We also have new information about what Michael Cohen might mean to President Trump and the scope of all the investigations that are going on. He's not talking to prosecutors just about paying women, it's a lot more, it's a lot longer, and it could mean things that we have not anticipated in the past. So we're going to take you through all of that.

And then I have a closing argument, my friend, you're going to want to watch. I heard something from the President today that literally almost made me lose a filling from laughing. Now, I'm not going to give it away.

COOPER: Do you want to say what -- you're not going to give it away?

CUOMO: No, no, no. I got to keep them guessing.


CUOMO: And I don't like that you have been hiding the most important information that we have tonight, God forbid there's any other breaking news. I know where you are, Anderson. I know where you are.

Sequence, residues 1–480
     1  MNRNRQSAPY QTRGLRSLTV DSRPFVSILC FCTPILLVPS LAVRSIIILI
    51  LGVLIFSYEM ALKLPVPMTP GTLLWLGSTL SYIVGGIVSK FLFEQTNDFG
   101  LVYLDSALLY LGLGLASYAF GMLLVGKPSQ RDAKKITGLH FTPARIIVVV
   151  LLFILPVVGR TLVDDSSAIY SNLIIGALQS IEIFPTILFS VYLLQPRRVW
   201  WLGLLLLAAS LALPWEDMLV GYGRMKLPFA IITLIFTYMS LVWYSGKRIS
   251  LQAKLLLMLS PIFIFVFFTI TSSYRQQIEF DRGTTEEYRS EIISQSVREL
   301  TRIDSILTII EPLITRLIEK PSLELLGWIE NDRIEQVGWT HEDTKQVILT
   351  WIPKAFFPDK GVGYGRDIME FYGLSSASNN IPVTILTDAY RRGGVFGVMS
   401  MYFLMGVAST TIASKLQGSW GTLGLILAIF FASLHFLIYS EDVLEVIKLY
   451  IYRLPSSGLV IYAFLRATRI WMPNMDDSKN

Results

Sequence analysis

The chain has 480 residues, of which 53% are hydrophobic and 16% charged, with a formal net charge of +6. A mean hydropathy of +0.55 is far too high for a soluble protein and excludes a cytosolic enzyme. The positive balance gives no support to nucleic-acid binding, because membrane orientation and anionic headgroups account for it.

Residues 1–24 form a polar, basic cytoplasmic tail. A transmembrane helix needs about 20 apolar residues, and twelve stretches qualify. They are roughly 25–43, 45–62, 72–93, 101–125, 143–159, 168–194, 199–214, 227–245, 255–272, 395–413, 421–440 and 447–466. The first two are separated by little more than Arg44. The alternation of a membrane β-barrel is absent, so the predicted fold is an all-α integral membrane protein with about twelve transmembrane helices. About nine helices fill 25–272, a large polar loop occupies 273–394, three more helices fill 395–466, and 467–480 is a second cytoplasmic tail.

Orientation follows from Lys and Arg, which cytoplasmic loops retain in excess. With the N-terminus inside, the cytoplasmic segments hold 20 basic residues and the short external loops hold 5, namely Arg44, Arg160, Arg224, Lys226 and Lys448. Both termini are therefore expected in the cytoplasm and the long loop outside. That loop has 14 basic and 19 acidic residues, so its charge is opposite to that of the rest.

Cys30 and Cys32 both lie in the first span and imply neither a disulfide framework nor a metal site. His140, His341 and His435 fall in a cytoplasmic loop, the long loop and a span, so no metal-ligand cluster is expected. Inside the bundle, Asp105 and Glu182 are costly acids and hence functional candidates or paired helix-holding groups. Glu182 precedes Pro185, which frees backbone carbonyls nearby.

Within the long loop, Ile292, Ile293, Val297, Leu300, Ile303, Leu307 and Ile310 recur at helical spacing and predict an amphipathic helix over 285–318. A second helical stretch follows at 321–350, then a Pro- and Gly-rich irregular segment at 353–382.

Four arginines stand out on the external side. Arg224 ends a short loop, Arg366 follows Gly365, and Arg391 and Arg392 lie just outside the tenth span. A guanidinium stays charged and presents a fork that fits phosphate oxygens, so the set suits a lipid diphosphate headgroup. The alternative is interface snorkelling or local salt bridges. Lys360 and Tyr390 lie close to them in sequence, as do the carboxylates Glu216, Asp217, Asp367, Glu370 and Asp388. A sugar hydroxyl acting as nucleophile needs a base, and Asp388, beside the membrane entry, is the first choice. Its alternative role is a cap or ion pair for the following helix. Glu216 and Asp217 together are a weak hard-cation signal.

COOPER: Oh, yes.

CUOMO: You are in Arizona and you are getting your just desserts. You are getting the award of all awards for a journalist, the Cronkite Award for Lifetime Achievement, and you're only 37 years old.

COOPER: Bless you. CUOMO: No.

COOPER: Yes, 37, I wish.

CUOMO: Bless you, my snowy-haired brother. You are our best. You represent the best instincts, the work ethic second to none I have ever seen. You make us proud and I am proud to be your friend.

People often say to me, "Man, that Anderson, he doesn't like you, huh? You try to make him laugh, it never happens." I say, "No, he's just that committed to the job. He is all about the job. And when he's not on, we're fast friends."

Congratulations. Well deserved. I'm proud of you and I'm proud to be your colleague. Congratulations.